These case histories demonstrate the challenges of teamwork between different departments and staff in an acute situation, and of communication between actors when treatment is provided over a long period of time. They also demonstrate the importance of collecting and coordinating information from different sources, and of reconsidering the first diagnosis.

Gaps in continuity of care present a central challenge in health services. Gaps occur because of the way in which health services are organized, with different levels of responsibility, increasing specialization, and provision of health care at different times and in different places. Gaps can occur when patients are moved from one treatment institution to another, when there are changes in the health care personnel with responsibility for the patient’s treatment, when oral or written information is transferred, when duty shifts change, and when processes are interrupted because of pressure of time.

Health services are often organized as teamwork, but without members from different areas of responsibility. Formal and informal teamwork presents challenges associated with a common understanding of procedures and allocation of responsibility. Health care personnel must be familiar with and agree with procedures and allocation of responsibility. The autonomy of professions or individuals must take second place to meeting common objectives.

Gaps often occur when patients are referred from primary to specialized health services. Therefore it is particularly important that information follows patients when they are referred – referral notes, patient records and case summaries. The discussion about electronic patient records and teamwork clearly demonstrates the importance of effective information systems.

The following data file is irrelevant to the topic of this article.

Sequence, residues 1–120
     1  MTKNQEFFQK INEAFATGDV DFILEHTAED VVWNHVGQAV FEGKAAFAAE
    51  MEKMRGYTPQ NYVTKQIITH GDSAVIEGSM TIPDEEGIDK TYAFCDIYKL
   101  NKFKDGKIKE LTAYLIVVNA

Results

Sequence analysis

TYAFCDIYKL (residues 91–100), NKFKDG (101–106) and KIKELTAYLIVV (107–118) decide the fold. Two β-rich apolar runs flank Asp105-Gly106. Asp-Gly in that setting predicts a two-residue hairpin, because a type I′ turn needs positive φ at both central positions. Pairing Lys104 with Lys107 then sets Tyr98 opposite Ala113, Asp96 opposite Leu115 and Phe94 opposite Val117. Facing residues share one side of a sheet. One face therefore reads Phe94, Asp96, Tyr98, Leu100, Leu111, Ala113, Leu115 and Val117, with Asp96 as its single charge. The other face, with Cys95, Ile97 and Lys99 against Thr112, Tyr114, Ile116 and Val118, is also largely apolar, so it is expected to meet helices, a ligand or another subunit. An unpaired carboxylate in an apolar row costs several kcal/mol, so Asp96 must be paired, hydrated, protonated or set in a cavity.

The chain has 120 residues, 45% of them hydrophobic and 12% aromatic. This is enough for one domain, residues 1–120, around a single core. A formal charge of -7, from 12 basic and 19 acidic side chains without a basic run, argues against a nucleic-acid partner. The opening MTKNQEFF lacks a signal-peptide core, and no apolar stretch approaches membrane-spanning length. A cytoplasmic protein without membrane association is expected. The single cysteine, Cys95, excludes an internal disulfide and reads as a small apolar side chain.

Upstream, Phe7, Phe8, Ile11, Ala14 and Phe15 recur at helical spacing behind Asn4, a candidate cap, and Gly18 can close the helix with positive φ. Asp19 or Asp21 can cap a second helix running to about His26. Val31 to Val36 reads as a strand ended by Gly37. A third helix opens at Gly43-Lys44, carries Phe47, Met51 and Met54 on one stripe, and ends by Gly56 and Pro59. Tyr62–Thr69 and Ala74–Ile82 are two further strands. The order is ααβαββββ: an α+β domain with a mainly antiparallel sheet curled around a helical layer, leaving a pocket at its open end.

A less stable labour market with increased use of temporary staff and a high turnover of health care personnel demands robust systems that ensure continuity, and that provide an overview of the course of patients’ illness.

Increased specialization and greater mobility of health care personnel make greater demands on management to guard against risky situations. This will involve, for example, initiating measures for identifying areas where there is a risk of deficiencies occurring, for preventing deficiencies, and for detecting deficiencies when they occur in order to limit injury to patients. Health service managers and planners must acknowledge the fact that gaps in continuity of care occur all the time, and they must establish systems to deal with them.

“Gaps in continuity of care present a central challenge in health services.”

“Increased specialization and greater mobility of health care personnel make greater demands on management to guard against risky situations.”